28 Mar 2018

Increasingly, forward thinking landlords and corporate tenants are utilising building internet of things (BIoT) sensor technology in combination with web-based intelligence platforms to unlock actionable workplace insights and enable new business models and services, where indoor light, sound, air quality and the human experience are all part of the equation.

Corporate tenants and landlords are both seeking to understand how the workplace is being used. 

  • Tenants - How can I better understand my workplace performance and improve employee engagement, productivity, mobility, collaboration, wellbeing, and experience?
  • Landlord - How can I better understand the ways our customers are using our spaces (workplace, lobby, retail, end of trip) so we can improve our service offering?

Commercial office space is the second highest business cost behind employees, which is why smart sensors deployed within the office environment present a huge opportunity for corporate real estate executives. Historically corporate real estate executives could only understand space utilisation using manual, human observation techniques or expensive and hard to maintain under desk sensors. However, the latest in smart sensors combined with artificial intelligence and data analytics is providing unique insights into how space is being used, in real time. This data is increasingly being shared with workspace planning and management solutions to enable data driven space planning activities.

Innovative corporate real estate groups are deploying environmental sensors (light, temperature, indoor environmental quality, sound) alongside occupancy / presence detection and location services to complete the picture and provide insights into why spaces are or aren’t being used that in turn drives continuous improvement opportunities.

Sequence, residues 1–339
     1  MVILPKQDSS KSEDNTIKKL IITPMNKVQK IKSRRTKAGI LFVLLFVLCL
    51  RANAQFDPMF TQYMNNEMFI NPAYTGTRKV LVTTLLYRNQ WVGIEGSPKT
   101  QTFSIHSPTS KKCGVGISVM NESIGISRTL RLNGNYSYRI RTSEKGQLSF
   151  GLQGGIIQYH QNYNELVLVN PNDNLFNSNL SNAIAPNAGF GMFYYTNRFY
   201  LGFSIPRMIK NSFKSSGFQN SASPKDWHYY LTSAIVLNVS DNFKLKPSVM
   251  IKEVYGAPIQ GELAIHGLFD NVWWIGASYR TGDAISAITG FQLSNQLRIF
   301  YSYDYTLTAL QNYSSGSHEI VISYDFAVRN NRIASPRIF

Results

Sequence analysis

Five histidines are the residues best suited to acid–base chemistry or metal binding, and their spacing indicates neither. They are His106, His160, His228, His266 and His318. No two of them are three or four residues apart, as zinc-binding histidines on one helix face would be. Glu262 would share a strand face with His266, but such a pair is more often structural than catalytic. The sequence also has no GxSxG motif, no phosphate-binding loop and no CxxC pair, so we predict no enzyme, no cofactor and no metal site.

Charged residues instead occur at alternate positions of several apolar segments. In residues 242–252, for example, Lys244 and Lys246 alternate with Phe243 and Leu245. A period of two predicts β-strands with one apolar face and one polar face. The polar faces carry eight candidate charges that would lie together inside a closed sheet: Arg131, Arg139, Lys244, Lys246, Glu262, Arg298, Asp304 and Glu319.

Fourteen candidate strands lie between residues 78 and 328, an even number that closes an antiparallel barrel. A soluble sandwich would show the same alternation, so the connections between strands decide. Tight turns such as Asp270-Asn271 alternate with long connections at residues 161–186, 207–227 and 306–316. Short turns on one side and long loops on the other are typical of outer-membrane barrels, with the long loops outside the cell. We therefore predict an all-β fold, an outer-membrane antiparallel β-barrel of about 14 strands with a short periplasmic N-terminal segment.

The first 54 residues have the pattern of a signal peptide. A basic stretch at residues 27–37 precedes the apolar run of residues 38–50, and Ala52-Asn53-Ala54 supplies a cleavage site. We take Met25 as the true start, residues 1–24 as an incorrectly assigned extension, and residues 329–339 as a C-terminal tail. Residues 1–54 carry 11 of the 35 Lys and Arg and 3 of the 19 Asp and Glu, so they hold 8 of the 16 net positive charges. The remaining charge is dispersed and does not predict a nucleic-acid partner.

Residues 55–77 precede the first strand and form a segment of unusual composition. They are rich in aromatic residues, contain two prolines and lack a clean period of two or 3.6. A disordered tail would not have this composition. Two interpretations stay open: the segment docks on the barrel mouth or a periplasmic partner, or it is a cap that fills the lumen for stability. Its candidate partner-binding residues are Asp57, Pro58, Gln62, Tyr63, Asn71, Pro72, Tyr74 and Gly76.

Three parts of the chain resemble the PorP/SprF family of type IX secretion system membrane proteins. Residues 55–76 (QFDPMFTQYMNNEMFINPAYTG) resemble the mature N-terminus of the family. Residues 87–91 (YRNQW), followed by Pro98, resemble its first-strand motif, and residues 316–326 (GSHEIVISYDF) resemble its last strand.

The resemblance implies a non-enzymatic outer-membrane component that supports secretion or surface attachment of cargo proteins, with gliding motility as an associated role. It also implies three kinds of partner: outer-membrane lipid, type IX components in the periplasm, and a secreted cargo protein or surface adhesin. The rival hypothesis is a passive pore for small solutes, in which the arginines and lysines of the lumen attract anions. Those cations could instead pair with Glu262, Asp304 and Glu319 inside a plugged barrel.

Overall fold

A Brave New World - Better Places Story
Another priority for today’s organisations is attracting and retaining top talent. Smart sensors provide a digital layer to the physical workplace that can be leveraged to enable new experience-led applications such as smartphone apps enabling staff to control their personal environment including lighting, heating, and cooling, and to find colleagues and available meeting spaces more easily. Smart phone apps are even making it easier to capture and report issues within the workplace improving facilities management operations.

Beyond the tenant, smart sensors also present a significant opportunity for landlords. By procuring and installing smart sensors into a building, landlords can save on energy, cost and generate new insights to provide added value to tenants, thereby generating a new revenue stream or creating a market differentiator. Additionally, understanding the air quality, thermal comfort, lighting, and acoustics in buildings can be used to inform future design criteria to create healthier buildings for tenants. 

It is important to note that individuals’ privacy should be in no way compromised since all the data captured is aggregated and contains no personal identifiable information.